Saturday, April 28, 2012

Did Jesus Rise From The Dead? (A Church Without God - Chapter V)

Rev. Ernest Harrison dedicates the fifth chapter of his controversial book from 1966 A Church Without God to the topic of Jesus' resurrection. He begins by stating that "the new Christian is called upon to face a living relationship with Jesus Christ, and he does so in terms of resurrection."  He then says that it is important to look at the Biblical account and how we interpret the resurrection story.

Harrison begins by pointing out some discrepancies in the Biblical resurrection stories.
  • The women who are to visit the tomb buy their spices and perfume on Friday, according to Luke; on Saturday evening, according to Mark.
  • The women who visit the tomb are described differently, as is the whole episode. In Matthew, two women, the two Marys - come; there is a violent earthquake; an angel descends from heaven, rolls the stone back, and sits on it; there are guards who shiver with fear; the angels tell the women what to do. In Mark, three women - the two Marys and Salome - bring the oils, see the tomb empty, and enter to find a youth wearing a white robe sitting on the right side; he tells them what to do. In Luke, three women - the two Marys and Joanna - bring the spices, find the stone rolled away from the tomb, and enter to find two men in dazzling garments at their side who tell them what to do. In John, the embalming is not done by the women at all, but by two men - Joseph and Nicodemus
  • Matthew and Luke appear to refer to the resurrection appearances as occupying a single day; John gives an account that spreads them over more than eight days; Acts fixes the period at forty days.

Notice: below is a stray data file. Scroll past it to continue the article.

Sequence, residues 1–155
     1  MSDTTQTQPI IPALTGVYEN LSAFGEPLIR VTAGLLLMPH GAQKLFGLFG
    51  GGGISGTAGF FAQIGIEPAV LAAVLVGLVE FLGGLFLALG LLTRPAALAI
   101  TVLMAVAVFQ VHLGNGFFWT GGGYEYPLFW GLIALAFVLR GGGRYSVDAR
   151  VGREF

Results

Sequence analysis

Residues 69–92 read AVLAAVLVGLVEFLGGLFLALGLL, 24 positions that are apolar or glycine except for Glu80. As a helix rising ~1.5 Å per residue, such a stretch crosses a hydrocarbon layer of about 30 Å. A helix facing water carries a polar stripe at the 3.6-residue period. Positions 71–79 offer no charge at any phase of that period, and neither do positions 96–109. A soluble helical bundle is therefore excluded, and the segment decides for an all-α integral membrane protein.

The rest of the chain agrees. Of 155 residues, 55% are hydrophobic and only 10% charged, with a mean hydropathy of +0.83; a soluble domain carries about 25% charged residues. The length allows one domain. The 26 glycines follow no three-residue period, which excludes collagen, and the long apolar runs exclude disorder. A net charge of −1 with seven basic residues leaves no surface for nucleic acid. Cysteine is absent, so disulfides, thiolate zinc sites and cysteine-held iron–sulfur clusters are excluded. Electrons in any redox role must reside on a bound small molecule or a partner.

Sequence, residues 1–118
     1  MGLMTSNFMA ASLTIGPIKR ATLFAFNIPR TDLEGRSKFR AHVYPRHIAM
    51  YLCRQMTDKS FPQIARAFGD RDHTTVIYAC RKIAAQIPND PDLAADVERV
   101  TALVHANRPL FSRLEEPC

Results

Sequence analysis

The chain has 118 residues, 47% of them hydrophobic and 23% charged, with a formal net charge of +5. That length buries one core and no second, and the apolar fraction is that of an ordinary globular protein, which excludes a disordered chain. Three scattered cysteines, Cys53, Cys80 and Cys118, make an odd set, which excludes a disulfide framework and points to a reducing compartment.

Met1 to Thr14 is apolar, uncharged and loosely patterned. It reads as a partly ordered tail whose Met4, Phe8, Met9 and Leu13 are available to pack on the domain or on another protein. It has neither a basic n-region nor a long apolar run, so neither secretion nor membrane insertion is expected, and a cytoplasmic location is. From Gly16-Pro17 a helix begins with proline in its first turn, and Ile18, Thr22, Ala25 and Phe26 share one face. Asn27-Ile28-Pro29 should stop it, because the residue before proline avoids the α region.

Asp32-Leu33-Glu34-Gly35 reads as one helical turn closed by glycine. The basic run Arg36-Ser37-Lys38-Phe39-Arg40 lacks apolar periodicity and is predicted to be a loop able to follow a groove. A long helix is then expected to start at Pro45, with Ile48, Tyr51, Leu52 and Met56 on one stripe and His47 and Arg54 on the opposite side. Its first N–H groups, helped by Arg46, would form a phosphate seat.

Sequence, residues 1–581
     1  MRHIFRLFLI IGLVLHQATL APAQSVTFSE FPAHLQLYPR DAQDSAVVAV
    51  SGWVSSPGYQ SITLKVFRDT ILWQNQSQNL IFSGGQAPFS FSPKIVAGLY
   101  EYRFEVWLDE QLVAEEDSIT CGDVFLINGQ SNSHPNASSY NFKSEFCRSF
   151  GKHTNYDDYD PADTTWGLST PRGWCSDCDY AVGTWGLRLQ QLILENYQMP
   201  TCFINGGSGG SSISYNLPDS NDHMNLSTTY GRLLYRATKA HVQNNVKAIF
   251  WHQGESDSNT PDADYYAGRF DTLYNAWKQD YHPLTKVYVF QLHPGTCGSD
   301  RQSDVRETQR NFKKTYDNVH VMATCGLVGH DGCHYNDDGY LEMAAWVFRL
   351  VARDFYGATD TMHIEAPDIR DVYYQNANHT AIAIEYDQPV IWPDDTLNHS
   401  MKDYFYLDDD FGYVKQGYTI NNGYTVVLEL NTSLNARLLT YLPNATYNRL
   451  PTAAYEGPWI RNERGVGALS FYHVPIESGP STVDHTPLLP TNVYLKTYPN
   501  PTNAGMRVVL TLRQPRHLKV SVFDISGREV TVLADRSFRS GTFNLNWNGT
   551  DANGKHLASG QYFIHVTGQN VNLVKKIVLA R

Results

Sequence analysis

Harrison continues by stating the possibility that Christians came up with the empty-tomb story to counter rumours that they themselves had taken the body of Jesus. In any case, "the resurrection stories need not be taken as factual."  Harrison says that it is no surprise that Paul, while arguing for the resurrection, never mentioned the empty tomb. He surmises that the later gospel accounts beefed up the empty tomb story to back up the resurrection claims. 

He then goes on to say that "If we are not committed to taking these narratives of the empty tomb and the appearances to the disciples as precise recordings of events, we are liberated to enter a deeper response. If the writer is trying to spell out the underlying meaning of the story, then we have to meet him at a more personal level than if he is simply reciting a series of incidents."
Harrison says that while everyone living on the planet believes in death, the promise of an afterlife is becoming less believable, even to Christians. He unequivocally says that "it is a doctrine that has no meaning." I must say that personally, I have not given much thought to the after-life for many years. This is in no doubt due to the fact that I used to worry about Hell so much when I was a fundamentalist Christian that it was a relief when I gave that belief system up to no longer have to worry about burning.

Harrison argues that for Paul and for many of today's (1966) Christians, the resurrection was an eternal now, not something in the past or future. "But if you ask me to believe that my body or my personality will somehow come alive again beyond the grave, you ask me to believe something that eludes me - something that I can no longer accept.

Harrison knows that there are plenty of Christian who take the resurrection accounts literally and believe in an after-life, and says that "in the pluralism of modern Christianity, there is no reason why one should try to win over another group to one's own convictions."